A murdered migrant is the first big case for the embattled DS Alexandra Cupidi in a new series by the acclaimed author of The Birdwatcher
'If you're not a fan yet, why not?' Val McDermid
'William Shaw is a superb storyteller' Peter May
No-one knew their names, the bodies found in the water. There are people here, in plain sight, that no-one ever notices at all.
DS Alexandra Cupidi has done it again. She should have learnt to keep her big mouth shut, after the scandal that sent her packing - resentful teenager in tow - from the London Met to the lonely Kent coastline. Even murder looks different in this landscape of fens, ditches and stark beaches, shadowed by the towers of Dungeness power station. Murder looks a lot less pretty.
The man drowned in the slurry pit had been herded there like an animal. He was North African, like many of the fruit pickers that work the fields. The more Cupidi discovers, the more she wants to ask - but these people are suspicious of questions.
It will take an understanding of this strange place - its old ways and new crimes - to uncover the dark conspiracy behind the murder. Cupidi is not afraid to travel that road. But she should be. She should, by now, have learnt.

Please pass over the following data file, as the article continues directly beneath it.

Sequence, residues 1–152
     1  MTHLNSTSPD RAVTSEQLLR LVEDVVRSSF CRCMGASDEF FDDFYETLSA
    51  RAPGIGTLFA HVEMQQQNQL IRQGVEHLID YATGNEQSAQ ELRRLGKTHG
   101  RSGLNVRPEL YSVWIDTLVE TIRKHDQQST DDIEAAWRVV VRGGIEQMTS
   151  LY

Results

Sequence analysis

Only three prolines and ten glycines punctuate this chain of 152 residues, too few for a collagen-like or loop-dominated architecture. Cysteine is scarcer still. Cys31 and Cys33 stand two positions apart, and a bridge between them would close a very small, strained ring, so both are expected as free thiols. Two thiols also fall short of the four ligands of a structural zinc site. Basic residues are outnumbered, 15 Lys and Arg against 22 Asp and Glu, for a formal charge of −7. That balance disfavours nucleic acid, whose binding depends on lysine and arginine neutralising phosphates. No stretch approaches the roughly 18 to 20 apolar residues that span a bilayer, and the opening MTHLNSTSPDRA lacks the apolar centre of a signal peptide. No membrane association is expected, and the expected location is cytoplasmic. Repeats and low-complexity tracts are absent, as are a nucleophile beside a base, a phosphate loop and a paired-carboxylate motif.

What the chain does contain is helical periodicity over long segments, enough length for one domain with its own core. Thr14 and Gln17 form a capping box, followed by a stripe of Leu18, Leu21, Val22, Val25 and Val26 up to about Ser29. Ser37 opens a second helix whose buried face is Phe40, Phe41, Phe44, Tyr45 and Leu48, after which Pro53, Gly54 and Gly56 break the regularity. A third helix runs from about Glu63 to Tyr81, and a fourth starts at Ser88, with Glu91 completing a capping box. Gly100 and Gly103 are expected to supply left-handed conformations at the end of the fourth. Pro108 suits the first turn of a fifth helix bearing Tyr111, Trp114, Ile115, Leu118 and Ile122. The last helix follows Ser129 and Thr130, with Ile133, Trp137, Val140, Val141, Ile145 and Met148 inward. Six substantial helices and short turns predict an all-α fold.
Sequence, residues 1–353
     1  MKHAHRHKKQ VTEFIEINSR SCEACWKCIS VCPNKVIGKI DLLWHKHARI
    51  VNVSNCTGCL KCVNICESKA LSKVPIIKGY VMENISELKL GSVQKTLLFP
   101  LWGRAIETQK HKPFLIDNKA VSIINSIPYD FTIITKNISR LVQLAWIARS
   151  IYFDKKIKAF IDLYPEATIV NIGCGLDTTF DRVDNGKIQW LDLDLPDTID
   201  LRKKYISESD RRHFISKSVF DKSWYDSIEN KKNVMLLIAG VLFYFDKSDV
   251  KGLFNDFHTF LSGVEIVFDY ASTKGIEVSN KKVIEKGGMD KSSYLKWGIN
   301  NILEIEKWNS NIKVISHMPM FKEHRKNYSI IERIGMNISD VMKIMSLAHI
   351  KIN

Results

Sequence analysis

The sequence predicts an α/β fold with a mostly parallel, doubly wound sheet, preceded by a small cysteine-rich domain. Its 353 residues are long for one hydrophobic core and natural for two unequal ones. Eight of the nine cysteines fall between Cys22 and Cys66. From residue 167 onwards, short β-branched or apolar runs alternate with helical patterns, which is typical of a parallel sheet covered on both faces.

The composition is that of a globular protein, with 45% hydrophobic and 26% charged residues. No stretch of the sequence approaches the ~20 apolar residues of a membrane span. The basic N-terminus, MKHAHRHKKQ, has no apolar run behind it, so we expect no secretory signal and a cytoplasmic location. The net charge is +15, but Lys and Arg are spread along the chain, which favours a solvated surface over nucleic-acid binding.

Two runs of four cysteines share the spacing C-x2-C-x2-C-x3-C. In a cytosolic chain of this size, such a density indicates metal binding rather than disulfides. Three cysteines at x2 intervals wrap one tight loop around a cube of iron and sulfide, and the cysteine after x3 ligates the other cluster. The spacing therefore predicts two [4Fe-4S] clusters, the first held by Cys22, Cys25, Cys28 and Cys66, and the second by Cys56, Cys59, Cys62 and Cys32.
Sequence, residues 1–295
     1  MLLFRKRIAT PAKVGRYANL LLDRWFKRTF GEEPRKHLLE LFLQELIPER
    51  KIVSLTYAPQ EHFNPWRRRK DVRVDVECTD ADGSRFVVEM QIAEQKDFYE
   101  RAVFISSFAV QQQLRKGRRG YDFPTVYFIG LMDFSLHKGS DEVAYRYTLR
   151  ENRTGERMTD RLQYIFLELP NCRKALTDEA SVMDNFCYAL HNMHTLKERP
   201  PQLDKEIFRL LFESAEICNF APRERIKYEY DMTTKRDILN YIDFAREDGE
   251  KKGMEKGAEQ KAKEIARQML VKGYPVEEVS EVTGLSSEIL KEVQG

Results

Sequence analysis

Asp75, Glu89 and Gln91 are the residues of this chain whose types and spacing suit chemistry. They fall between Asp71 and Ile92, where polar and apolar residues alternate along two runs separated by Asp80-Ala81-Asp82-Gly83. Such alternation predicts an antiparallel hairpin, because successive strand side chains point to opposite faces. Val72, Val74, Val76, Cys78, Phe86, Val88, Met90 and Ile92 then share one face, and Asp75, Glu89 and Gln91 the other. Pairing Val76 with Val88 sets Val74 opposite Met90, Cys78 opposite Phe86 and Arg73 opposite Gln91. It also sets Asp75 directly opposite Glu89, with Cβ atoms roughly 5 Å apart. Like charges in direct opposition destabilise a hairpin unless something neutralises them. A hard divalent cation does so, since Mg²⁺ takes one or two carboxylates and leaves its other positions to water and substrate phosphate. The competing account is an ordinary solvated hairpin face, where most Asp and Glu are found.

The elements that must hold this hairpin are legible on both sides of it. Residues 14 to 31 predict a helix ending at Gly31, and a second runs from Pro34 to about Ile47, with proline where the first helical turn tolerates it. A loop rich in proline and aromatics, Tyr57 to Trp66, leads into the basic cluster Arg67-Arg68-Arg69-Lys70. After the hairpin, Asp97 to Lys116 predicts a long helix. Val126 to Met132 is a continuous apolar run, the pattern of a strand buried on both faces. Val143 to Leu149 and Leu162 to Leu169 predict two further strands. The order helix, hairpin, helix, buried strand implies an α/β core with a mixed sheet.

Salt Lane is the first in the new DS Alexandra Cupidi series. With his trademark characterisation and flair for social commentary, William Shaw has crafted a crime novel for our time that grips you, mind and heart.
William Shaw was born in Newton Abbot, Devon, grew up in Nigeria and lived for sixteen years in Hackney. He is the author of the acclaimed Breen & Tozer crime series set in sixties London: A Song from Dead Lips, A House of Knives and A Book of Scars. For over twenty years he has written on popular culture and sub-culture for various publications including the Observer and the New York Times. He lives in Brighton.